Andy Duffin: From my perspective, obviously Ucits V is for depository oversight duties and the key issue here is the restitution of assets. But, as sub-custodians, we always have to look at the highest-level regulations our clients are under. So I would say that the benchmark formerly would have been the US Securities and Exchange Commision rules, then the Alternative Investment Fund Managers Directive (AIFMD) and now Ucits V as the highest level of regulation. But, for the sub-custodian, we are seeing more detailed questionnaires from our clients, in particular around the restitution of assets. We’re seeing greater requests for segregated accounts both at a sub-custody level, for our books and records, and at depository CSD level. The greater change is for the depository banks rather than the sub-custodians, but we are feeling the ripple effect downstream.
Alan Cameron: There is definitely a higher degree of diligence around the appointment and the monitoring of sub-agents and being able to evidence this. And there is increased interest in the local insolvency laws in the market because, if they do not accept segregation, then it’s not clear that any sub-custodian can be appointed to act. So we’re seeing a lot more scrutiny than previously, but I’m not sure this is just because of the AIFMD and Ucits V – I think this was happening anyway.
Andy Duffin: Alan, are you seeing more global custodian clients and depository clients restricting the markets they make available to certain segments of clients? Because that is what we are noticing.
Alan Cameron: We’ve not seen that so much, but you are in some more interesting markets than we are.
Custody Risk: Under AIFMD, ‘depository-lite’ services deliver oversight over functions largely performed today by a fund administrator, but not custody. With no strict liability for loss of assets, how safe are they?
Alan Cameron: Depository lite is a transitional phase. It won’t last forever. I guess you end up looking below the depository and at where the liability ends up, and the liability for loss will then be dependent on the local law and the local practices that pertain to the market that the securities are in. You have to look at each country and understand their laws much better to get to the bottom of that question. The result Is probably dependent upon where you invest.
Andy Duffin: I’d tend to agree with Alan. At the end of the day, it comes down to the insolvency regulations and the laws as to how safe the assets are.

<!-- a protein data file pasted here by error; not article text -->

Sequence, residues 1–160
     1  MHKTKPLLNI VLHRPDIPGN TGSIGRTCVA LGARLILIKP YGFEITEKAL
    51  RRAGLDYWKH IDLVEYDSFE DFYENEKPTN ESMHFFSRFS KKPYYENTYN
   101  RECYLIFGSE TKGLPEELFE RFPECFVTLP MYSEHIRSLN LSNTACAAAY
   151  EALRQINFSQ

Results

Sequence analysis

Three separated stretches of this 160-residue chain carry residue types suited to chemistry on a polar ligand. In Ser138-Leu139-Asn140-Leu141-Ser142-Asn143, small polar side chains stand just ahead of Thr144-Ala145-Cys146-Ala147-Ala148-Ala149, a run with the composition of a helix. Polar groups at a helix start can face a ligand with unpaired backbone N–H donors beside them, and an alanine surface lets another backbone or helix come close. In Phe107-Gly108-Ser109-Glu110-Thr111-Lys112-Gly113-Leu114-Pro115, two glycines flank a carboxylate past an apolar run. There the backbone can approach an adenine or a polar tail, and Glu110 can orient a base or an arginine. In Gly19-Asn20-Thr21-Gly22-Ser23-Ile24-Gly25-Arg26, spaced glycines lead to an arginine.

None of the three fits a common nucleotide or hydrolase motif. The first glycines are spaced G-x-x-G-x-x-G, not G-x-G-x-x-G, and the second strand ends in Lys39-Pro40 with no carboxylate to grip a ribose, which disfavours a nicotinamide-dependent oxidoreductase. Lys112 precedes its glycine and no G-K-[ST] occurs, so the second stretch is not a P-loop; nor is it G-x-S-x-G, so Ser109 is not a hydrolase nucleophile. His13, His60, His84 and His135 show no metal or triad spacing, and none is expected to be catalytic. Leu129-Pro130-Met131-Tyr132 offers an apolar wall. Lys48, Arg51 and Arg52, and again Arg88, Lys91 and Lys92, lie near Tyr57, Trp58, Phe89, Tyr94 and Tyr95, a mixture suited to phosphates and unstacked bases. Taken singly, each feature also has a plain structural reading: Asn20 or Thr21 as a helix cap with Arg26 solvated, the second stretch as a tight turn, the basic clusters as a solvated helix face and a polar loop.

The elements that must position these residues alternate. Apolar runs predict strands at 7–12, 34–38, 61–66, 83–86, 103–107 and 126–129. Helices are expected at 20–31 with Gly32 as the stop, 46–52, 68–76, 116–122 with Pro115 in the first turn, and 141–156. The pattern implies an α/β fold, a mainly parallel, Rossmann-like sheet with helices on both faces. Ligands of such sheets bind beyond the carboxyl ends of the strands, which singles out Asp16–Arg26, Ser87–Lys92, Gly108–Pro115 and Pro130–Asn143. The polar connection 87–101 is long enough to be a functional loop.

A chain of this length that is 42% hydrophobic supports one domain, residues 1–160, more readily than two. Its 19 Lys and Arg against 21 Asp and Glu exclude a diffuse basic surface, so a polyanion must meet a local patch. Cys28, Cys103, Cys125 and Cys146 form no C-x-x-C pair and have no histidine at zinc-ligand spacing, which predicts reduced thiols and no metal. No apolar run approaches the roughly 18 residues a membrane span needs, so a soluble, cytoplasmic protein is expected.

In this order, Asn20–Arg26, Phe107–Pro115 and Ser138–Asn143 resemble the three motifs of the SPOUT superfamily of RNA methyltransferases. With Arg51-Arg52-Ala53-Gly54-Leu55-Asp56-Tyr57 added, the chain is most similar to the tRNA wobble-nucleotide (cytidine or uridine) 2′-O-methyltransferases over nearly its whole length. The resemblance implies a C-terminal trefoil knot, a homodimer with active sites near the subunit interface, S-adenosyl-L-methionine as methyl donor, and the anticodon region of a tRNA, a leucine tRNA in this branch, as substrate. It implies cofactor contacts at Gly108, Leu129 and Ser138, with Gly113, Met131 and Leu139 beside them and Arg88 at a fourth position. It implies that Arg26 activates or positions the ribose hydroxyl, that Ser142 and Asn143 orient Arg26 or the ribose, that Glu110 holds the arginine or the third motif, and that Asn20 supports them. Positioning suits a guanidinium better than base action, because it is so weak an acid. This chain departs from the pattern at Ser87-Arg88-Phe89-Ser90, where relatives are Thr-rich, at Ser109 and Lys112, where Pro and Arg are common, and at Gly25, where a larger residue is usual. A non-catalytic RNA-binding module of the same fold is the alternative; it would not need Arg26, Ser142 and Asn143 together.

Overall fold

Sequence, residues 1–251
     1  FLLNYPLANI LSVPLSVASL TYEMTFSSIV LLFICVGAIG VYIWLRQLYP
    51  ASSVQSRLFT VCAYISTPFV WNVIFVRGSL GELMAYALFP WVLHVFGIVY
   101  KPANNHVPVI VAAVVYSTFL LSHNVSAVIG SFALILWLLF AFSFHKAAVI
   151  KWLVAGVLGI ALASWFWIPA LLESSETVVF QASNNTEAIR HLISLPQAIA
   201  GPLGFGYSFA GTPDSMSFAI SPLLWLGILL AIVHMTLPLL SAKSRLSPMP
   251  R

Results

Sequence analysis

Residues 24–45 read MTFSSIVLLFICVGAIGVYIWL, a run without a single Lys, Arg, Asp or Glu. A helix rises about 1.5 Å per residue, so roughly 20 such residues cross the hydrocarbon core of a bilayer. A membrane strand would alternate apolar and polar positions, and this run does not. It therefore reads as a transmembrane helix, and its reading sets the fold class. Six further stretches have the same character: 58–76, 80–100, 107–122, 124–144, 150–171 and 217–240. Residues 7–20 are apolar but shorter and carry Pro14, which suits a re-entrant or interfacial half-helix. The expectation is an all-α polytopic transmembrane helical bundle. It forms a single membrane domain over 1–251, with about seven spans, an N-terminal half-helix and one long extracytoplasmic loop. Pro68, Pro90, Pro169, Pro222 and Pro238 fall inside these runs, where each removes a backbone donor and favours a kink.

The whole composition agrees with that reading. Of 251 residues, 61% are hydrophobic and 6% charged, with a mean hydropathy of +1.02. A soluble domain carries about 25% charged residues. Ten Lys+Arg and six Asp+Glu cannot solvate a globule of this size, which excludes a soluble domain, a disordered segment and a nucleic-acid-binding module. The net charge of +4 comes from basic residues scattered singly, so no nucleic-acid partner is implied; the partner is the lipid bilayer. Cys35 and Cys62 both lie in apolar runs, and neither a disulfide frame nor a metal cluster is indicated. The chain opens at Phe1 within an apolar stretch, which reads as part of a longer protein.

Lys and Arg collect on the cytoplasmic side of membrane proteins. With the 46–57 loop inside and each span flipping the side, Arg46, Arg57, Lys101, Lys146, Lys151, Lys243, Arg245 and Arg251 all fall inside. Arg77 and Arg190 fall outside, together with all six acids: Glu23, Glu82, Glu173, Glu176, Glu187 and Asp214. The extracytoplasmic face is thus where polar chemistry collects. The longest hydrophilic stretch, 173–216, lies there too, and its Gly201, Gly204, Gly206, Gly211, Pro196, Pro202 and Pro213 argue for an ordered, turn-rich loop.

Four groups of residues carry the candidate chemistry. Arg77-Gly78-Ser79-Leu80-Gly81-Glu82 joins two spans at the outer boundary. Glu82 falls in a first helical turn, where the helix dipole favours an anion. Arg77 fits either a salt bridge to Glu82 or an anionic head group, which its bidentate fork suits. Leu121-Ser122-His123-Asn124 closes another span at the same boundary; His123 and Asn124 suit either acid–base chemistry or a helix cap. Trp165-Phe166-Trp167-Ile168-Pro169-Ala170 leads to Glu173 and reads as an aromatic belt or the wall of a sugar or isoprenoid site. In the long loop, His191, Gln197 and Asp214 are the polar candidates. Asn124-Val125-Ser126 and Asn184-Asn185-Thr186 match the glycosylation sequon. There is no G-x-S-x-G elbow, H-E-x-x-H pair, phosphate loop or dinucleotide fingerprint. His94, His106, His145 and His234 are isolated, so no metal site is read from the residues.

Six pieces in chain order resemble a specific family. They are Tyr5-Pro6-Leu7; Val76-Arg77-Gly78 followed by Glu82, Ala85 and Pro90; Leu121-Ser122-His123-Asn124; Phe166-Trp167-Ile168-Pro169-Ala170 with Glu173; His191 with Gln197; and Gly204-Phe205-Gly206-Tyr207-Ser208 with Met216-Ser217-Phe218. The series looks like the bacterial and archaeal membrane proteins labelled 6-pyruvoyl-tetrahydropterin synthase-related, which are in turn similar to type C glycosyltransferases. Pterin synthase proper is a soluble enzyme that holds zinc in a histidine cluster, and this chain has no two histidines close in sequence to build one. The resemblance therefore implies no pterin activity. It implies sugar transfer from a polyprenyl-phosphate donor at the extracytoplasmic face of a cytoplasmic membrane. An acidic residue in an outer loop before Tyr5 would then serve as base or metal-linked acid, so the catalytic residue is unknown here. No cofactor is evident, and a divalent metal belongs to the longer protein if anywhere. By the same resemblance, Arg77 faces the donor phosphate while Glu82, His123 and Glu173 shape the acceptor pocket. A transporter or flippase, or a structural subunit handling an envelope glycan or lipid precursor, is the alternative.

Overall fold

Custody Risk: What are your predictions for the coming year?
Mehdi Manaa: I’ve been working on market infrastructure for 20 years now and change has been a constant feature, so I think next year we will already be thinking about what is next after T2S in terms of major change.
Andy Duffin: I’d prefer to say what is not going to happen next year rather than what is going to happen. Mehdi said earlier that not all CSDs will survive, but I think that statement is going to be played out over maybe a five-year period as opposed to the next 12 months. My prediction is that there will be no change to the CSD landscape from a consolidation perspective in the next year.
Alan Cameron: On Andy’s point, I think next year will be the year of consolidation, but only really in the commercial world. We will see clients consolidate their networks so that they can get process simplification and prepare for T2S, and we will see continued consolidation in the agent bank world as the investment in technology just increases and some banks will get out of it. The other thing I think we’ll see is a move towards different credit facilities to back this whole industry. Today, the industry is backed by inter-day, undisclosed, somewhat secured credit lines. I don’t think that will be the situation in the years ahead and we will see regulators and clients wanting to have committed and secured lines to back all of this activity.
Daniela Peterhoff: From our perspective, there will be two key changes next year. We will see post-trade participants start preparing for the future cost savings from T2S by rearranging their operations in those areas in which it is required, by delayering their exposures, by essentially working through all the levers they are able to pull to prepare for the post-T2S agenda. The second thing we think will happen in many T2S markets is that, in 2015, we will see the implications of the economics of T2S, meaning economics for individual client segments such as broker dealers, global custodians and regional banks. We fully understand that some markets will need to adjust to that by rearranging their value propositions.
Jesús Benito: I think, for the CSD landscape next year, we are going to be extremely busy testing and adapting our systems to T2S. Wave one will be in June 2015 and the other CSDs will continue adapting and testing our systems afterwards, so I hope we’ll be celebrating the first wave of T2S.
Fabian Vandenreydt: We will be helping all of you prepare for T2S and then, because there are so many new SLAs being created between the ones who outsource and the ones who insource, there is a greater need for standardisation, and that is our mission. We didn’t talk about buy-in processes under CSDR, because I believe next year it will also be good to have more clarity about the process for the buy-ins, how that is that going to work and how the players are going to exchange that information between themselves? Some standardisation will be required.
Alessandro Zignani: Monte Titoli is in wave one of T2S, so the priority next year will be the go-live on 22 June. We have started functional testing and will continue to work closely with our clients over the next nine months to make sure everyone is ready and to deliver a full harmonisation of our market.
Mehdi Manaa: Next year, it is not just T2S going live. Our friends from the US Federal Reserve are also launching a major modernisation of their platform in September 2015. The same applies to the Bank of Japan in October. So, over three or four months, it’s three major central banks delivering huge changes of infrastructure.